Miles Davis Quintet with John Coltrane: Classic 1956 Sessions

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Coltrane, Garland, Chambers and Philly Joe Jones were comparatively unknown when Miles Davis recruited them in 1955 to form his first regular working band. Sonny Rollins had actually been first choice for saxophone but he disappeared after a few weeks to sort out his narcotics problems so Davis hired Coltrane, another addict, in his place. Whilst not considered to be jazz A-listers at the time, this line up would come to be called Davis’s “First Great Quintet” and would eventually be regarded as one of the finest combos in jazz history. It folded within 18 months when Davis fired Coltrane and Jones.

Davis had put the band together in order to record sufficient material to fulfil a contractual obligation with Prestige so that he could leave and take up a more lucrative deal with Columbia. Accordingly, the quintet recorded 26 tracks in two marathon sessions on 11 May and 26 October 1956 resulting in four epic LPs: Cookin’, Relaxin’, Workin’ and Steamin’. Prior to these classic sessions and before Davis had managed to come off heroin, his prospects had nosedived. These Prestige albums helped re-establish him, enabled him to salvage his career and elevated his band members to the big time.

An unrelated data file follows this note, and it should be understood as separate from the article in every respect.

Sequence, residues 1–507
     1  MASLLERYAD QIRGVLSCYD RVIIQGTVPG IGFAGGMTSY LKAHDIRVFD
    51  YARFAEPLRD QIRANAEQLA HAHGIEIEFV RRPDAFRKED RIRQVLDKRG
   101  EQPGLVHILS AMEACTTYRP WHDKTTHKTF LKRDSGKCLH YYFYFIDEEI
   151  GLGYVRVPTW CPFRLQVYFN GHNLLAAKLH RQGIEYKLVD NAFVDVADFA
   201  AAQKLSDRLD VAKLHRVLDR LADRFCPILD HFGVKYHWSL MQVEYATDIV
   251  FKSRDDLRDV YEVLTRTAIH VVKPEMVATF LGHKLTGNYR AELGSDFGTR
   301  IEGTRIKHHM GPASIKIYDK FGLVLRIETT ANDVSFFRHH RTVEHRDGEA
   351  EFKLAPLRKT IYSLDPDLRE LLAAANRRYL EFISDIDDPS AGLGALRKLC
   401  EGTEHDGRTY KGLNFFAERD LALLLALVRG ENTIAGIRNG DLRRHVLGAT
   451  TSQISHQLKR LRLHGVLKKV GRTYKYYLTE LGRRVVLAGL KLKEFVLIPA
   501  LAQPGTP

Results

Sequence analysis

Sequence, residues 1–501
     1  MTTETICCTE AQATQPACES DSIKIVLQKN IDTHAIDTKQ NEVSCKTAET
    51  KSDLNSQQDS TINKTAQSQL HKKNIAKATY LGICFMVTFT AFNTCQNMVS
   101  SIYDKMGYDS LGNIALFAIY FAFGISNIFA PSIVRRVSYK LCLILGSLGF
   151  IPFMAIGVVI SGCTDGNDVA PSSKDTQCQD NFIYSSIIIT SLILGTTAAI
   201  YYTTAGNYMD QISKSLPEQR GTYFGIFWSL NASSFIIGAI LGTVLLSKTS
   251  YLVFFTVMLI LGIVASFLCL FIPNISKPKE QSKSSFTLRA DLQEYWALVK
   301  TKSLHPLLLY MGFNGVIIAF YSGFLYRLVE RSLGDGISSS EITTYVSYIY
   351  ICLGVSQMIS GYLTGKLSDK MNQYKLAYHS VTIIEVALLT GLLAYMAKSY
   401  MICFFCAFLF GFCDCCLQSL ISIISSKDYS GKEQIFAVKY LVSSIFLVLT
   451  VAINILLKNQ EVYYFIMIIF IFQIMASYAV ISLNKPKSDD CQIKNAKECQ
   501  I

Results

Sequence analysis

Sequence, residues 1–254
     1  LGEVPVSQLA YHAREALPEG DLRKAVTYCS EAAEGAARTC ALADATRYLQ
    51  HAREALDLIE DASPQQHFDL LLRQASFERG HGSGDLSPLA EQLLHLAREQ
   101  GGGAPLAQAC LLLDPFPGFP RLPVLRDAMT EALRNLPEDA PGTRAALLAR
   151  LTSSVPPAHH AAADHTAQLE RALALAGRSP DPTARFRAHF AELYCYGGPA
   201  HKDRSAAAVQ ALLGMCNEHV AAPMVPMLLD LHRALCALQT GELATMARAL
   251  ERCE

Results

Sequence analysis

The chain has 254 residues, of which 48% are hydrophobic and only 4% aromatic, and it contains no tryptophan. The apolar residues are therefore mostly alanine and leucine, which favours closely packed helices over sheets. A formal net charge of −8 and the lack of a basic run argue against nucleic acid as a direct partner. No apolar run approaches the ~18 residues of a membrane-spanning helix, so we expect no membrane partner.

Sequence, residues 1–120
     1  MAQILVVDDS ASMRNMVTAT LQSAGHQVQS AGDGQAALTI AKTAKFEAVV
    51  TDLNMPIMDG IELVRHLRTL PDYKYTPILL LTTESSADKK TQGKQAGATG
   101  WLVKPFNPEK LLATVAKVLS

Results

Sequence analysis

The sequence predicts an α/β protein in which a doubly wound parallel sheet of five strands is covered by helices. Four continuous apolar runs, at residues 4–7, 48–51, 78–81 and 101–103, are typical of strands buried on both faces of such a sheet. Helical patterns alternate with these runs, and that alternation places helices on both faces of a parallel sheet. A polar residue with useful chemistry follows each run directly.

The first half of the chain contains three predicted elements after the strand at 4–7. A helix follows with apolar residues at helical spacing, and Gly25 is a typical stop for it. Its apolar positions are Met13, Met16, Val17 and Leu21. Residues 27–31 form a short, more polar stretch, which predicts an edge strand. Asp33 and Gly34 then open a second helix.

Davis had decided to record the sessions just like they were playing a club date, spontaneously and with no second takes.The tracks on the albums are heard “live” here in the “correct” order that they were recorded with one session on each of two CDs. However, Ahmad’s Blues, a piano trio number which appears on Workin’, has not been included.

The repertoires of both sessions comprise absorbing post-bop arrangements of songbook standards mixed with Davis originals and one or two from Monk, Gillespie, Rollins and Brubeck. They demonstrate Davis’s evocative sound and his mastery of the metal mute. They also reveal the emerging talent of a young Coltrane, the melodic swing of Garland and a flawless rhythm section which became a model for many other bands.

Being akin to a live performance, the sessions are not entirely perfect. There is some hesitancy in some of Coltrane’s soloing. But the delivery is real and the overall quality of the material recorded here is astonishing.

Discography
CD1: In Your Own Sweet Way; Diane; Trane’s Blues; Something I Dreamed Last Night; It Could Happen To You; Woody’n You; The Theme (long); Surrey With The Fringe On Top; It Never Entered My Mind; When I Fall In Love; Salt Peanuts; Four; The Theme (short) (75.55)
CD2: If I Were A Bell; Well You Needn’t; ‘Round Midnight; Half Nelson; You’re My Everything; I Could Write A Book; Oleo; Airegin; Tune Up; When Lights Are Low; Blues By Five; My Funny Valentine (74.40)
Davis (t); Coltrane (ts); Red Garland (p); Paul Chambers (b); Philly Joe Jones (d). Hackensack, New Jersey, 11 May (CD1) & 26 October (CD2), 1956.
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